Neuroscientist Dr. Daphna Joel, a researcher at Tel Aviv University, says her work suggests that there are not so much male and female brains as there are some combination of both depending on the person.

Whether these differences she found are hereditary, due to normal genetic variability or affected by outside social forces is anyone’s guess at this point, along with what they mean.

Some researchers disagree with her findings — in the way scientists disagree with one another, not in the way people fight in comments sections online — saying her research is skewed. Yet even among some who say her methods need to be refined to be more scientifically rigorous, there is some agreement that she may be onto something.

Another article, on the latest research into trans kids, reinforces the notion that, instead of learning to think they are trans — the “poisoning the minds of little kids with trans ideas” concept — tiny children can begin showing important and lasting cross-gender behaviors without family members ever pushing them to like “girl things” or “boy things.” Sometimes in spite of parents pushing mightily to prevent their small sons from wanting to go as a princess for Halloween.

Unfortunately, the magazine is behind a paywall. (Good magazines are like that.) To read it you need either a subscription  or to buy the single issue on the newsstand (or online here).

As a writer I’m not ready to give up my gender pronouns, and I’m not sure I ever will be. There is too much that is important in works of non-fiction and fiction that can be transmitted by their use. I also think it is too soon and politically self-defeating to push this issue too far in the public’s consciousness. 

Nonetheless, I think most people with open minds will find the magazine worth the time and effort to shell out a few bucks for the single issue.

“Boys Can Be Wonder Woman, Girls Can Be Spider-Man”

If we could all just get over ourselves and our outdated notions about masculinity and femininity, the world could be such an awesome place in this regard:

When Margaret Ryan’s four-year-old daughter, Ellie Evangelista, was told by the boys at school she couldn’t be Spider-Man, the idea for the most adorable, progressive march was born.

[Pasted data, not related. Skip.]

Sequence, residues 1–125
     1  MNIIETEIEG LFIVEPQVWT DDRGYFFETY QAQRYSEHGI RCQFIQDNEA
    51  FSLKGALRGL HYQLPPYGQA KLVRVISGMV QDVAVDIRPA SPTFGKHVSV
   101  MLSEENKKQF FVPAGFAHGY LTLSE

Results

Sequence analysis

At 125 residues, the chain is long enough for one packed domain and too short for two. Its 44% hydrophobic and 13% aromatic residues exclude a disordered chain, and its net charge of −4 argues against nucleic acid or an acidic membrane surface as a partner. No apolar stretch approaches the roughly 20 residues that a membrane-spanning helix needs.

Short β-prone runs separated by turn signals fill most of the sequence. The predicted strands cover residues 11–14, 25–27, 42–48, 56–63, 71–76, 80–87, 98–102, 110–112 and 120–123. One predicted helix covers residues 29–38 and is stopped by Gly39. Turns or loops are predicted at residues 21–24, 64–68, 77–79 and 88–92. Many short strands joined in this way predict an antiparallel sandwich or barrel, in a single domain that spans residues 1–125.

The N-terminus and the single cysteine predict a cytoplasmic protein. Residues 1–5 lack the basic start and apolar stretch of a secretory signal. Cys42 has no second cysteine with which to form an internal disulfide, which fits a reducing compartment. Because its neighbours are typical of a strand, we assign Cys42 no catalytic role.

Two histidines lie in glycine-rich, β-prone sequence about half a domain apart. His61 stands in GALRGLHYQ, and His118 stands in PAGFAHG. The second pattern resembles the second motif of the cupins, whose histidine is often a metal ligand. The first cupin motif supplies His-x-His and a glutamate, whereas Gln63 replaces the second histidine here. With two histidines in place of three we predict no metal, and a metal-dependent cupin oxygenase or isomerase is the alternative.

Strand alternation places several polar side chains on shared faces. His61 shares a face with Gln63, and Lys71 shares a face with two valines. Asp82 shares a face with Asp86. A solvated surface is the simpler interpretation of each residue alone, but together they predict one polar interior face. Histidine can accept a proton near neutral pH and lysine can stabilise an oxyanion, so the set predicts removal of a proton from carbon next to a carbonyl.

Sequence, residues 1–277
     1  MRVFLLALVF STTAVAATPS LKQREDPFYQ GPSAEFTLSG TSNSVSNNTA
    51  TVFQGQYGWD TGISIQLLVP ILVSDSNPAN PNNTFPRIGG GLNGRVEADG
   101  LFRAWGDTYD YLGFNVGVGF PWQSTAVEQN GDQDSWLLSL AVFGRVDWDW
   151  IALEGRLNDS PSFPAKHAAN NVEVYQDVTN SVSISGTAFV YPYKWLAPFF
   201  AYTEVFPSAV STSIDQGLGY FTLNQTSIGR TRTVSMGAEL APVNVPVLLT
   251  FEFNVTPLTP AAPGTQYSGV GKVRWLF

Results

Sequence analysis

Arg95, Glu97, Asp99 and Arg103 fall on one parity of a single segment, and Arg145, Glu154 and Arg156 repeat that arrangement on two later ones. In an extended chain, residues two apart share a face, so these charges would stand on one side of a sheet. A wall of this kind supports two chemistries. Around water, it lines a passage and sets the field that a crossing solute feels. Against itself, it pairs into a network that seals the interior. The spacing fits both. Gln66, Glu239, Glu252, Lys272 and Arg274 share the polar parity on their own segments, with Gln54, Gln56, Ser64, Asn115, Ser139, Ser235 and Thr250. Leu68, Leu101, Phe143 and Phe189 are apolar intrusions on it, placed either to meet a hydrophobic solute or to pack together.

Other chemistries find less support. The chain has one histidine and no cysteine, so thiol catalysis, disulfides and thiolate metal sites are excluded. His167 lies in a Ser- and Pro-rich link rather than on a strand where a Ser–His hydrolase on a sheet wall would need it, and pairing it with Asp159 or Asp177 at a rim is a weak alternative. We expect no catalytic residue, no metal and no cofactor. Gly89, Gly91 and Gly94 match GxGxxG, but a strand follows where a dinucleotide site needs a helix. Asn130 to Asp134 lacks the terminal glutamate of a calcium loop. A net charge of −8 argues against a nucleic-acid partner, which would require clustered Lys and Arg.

Gotham City had nothing on Bennett Park in Washington Heights on Sunday morning. A blonde-haired toddler with purple earrings toggled by in full-on Spider-Man regalia, with artificial, rippling muscles included in the costume.

She was accompanied by several other Spider-Men, many of whom, like her, were not the same sex as the beloved super hero—and that was exactly the point of the Uptown Superheroes March.

Hundreds of parents hell-bent on combatting gender stereotypes strapped their little Super(wo)men into snugglies, ushered their Spider(wo)men onto training-wheel bikes, and rubbed sunscreen on their X-(wo)men’s faces.

“It’s a super hero parade, not a super man parade,” a father told his young son, as they walked past the jungle gym to the crowd of families holding signs declaring “Boys Can Be Wonder Woman, Girls Can Be Spider-Man,” and “Love Is My Super Power.”

I understand why, in this place and time, we have to go through all the convulsions surrounding gender. Change can be difficult.

But I suspect that one day we will look back on all this and wonder what all the fuss was about.

via Yes, Your Daughter Can Be Spider-Man: The Gender-Free, Very Cute Uptown Superheroes March | Daily Beast

Margaret Ryan aka Spiderman.
Ellie Evangelista aka Spiderman.